Labor & Agents: Gould signs top prospect NBPA launches app for members MLS, players try to agree on labor deal Excel to rep QB Matt Ryan off the field Labor & Agents: Marketing Butler Goldstein takes lead WNBPA role Montag helps Albert with NBC deal Gilbert would seek 50-50 revenue split Labor & Agents: Regulation overhaul NFLPA chief Smith earns $2.95M
Upcoming Conferences and Events
SBJ/January 21 - 27, 2002/Labor Agents
Advisers blitz to find agent for Peppers started with hands-off warning
Published January 21, 2002
Carl Carey, mentor to star University of North Carolina football player Julius Peppers, knew early last August that there was going to be a problem.
"Right before the two-a-day practices, we started noticing a lot of strange things happening," said Carey, associate academic adviser to student athletes at UNC. "My office was staked out frequently because people knew that Julius was in my office frequently. There were a lot of characters who started to surround him."
The characters, Carey said, were NFL agents and "runners who worked for agents" who knew already that Peppers had a shot at being the top 2002 NFL draft pick and wanted to get close to him.
"I saw all this madness surrounding him and I said, 'Julius, you have tons of things that need to be handled, what in the world are you going to do with this?'" Carey said. "He said, 'I'm going to let you handle it.'"
After an exhaustive process that included Internet research and more than 300 phone calls to agents, NFL general managers and NFL players, done by Carey, Peppers chose agents Marvin Demoff and Sean Jones to represent him in April's NFL draft. Peppers has at times been ranked the No. 1 pick by espn.com draft prognosticator Mel Kiper Jr.
"Marvin is his primary agent and Sean Jones will help him transition to the NFL," Carey said, noting that Jones is a former NFL defensive end.
Carey said he and Peppers are happy with the choice, but Carey had no idea of the work involved when he first signed up to take care of the agent situation.
The first thing Carey did, early on, was change Peppers' phone number. The second thing was to contact all the agencies whose agents and runners had called the defensive end or approached him at his apartment or at a practice or game.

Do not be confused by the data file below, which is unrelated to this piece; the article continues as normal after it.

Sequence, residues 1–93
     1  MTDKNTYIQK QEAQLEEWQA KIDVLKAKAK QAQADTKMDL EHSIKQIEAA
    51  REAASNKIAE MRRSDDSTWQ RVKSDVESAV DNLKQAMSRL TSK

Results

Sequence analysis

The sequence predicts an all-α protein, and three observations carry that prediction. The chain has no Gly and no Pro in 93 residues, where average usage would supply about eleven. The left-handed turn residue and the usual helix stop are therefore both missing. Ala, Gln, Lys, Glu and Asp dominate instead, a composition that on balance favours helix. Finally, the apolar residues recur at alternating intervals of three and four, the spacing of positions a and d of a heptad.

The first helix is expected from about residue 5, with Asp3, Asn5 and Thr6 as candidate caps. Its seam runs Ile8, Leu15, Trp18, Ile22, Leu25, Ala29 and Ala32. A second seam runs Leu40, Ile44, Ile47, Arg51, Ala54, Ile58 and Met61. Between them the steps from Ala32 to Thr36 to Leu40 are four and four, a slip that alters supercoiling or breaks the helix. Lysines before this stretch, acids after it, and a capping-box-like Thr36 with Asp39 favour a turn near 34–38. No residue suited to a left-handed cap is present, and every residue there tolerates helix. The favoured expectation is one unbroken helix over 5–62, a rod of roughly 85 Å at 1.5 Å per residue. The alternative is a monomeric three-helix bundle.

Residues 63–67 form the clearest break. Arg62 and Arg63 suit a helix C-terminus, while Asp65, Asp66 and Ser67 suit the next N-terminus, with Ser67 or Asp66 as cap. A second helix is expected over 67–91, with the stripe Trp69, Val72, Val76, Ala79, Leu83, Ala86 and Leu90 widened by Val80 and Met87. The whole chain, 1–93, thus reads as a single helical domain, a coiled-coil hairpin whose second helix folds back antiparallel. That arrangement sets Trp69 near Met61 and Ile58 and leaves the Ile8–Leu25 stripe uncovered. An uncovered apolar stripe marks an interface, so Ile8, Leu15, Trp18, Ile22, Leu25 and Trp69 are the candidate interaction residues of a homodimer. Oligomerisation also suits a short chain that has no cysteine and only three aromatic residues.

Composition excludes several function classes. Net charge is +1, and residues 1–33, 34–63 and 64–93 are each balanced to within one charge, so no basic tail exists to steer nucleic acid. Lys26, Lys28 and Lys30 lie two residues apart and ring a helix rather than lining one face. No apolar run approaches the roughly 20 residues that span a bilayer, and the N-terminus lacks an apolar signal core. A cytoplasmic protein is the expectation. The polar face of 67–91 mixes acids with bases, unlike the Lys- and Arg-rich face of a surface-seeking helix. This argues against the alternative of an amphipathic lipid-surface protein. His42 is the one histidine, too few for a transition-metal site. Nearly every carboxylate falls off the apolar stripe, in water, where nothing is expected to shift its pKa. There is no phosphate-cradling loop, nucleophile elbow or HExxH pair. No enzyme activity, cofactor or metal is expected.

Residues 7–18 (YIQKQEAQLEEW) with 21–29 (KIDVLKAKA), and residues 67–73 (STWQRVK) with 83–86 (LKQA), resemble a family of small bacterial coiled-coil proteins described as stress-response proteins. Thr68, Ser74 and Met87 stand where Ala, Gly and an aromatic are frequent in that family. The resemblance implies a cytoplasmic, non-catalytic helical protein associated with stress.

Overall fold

"I told them if there was one more phone call, one more unannounced visit to his apartment, one more contact, they were out," Carey said. "Then it stopped."
Carey then began his research by finding out the names of agents who had represented players chosen in the top 10 of the last three NFL drafts. "I wanted him to have somebody who had represented a top-10 pick and had done those deals well," Carey said.
He started with an initial list of about 18, he said. He then researched the contracts negotiated by those agencies and narrowed the list down.
"I met with several agencies face to face and listened to their spiel, and usually those meetings were two to three hours," Carey said. Finally, Carey narrowed the list to four agencies for Peppers to meet.
"My goal was to bring him four groups and he could have chosen any one of the four and still be well-represented," Carey said. "All four were exceptional groups who had extremely happy clients and were all very well respected in the NFL."
The four groups were headed up by David Dunn of Athletes First, Eugene Parker of Assante Sports Management, Jim Steiner of SFX Football and Demoff. All were invited to a Jan. 6 meeting, but Steiner voluntarily removed himself because he was close to signing another top NFL draft prospect and felt representing Peppers and the other player would be a potential conflict of interest. (The other player is Bryant McKinnie, see item below.)
In the end, Peppers chose Demoff because "in the short time he met with Julius, he presented himself as a man that could be trusted," Carey said. Carey said he was impressed with Demoff because of all the dozens of agents he talked to, "he was the only agent I had to initiate calls to," Carey said.
Demoff and Jones' work with defensive ends picked in the first round of the last three drafts, including 2000 NFL draft No. 1 Courtney Brown, also was a factor, Carey said.
SFX SIGNS McKINNIE: SFX football agents Jim Steiner and Ben Dogra have signed top NFL draft prospect and Miami offensive tackle Bryant McKinnie for representation.
Steiner said that McKinnie has an excellent chance of being the No. 1 pick and that "we are going to work very hard to help make that happen."
Steiner said the other potential No. 1 picks are Peppers and quarterbacks Joey Harrington and David Carr. Harrington is represented by Dunn and Carr by agent Frank Bauer.
CSMG SIGNS "THE BEAST": CSMG International has signed Sean "The Beast" Fister, winner of the 2001 Re/Max World Long Drive championship, for representation.
Kevin Canning, CSMG's golf marketing executive, and CSMG President Tom Kang will handle Fister's management, including additional development of his Web site, longdriving.com.
CSMG, a Chicago-based sports agency, represents about 200 athletes, including Philadelphia Eagles quarterback Donovan McNabb and Arizona Diamondbacks pitcher Randy Johnson.
Liz Mullen can be reached at email@example.com.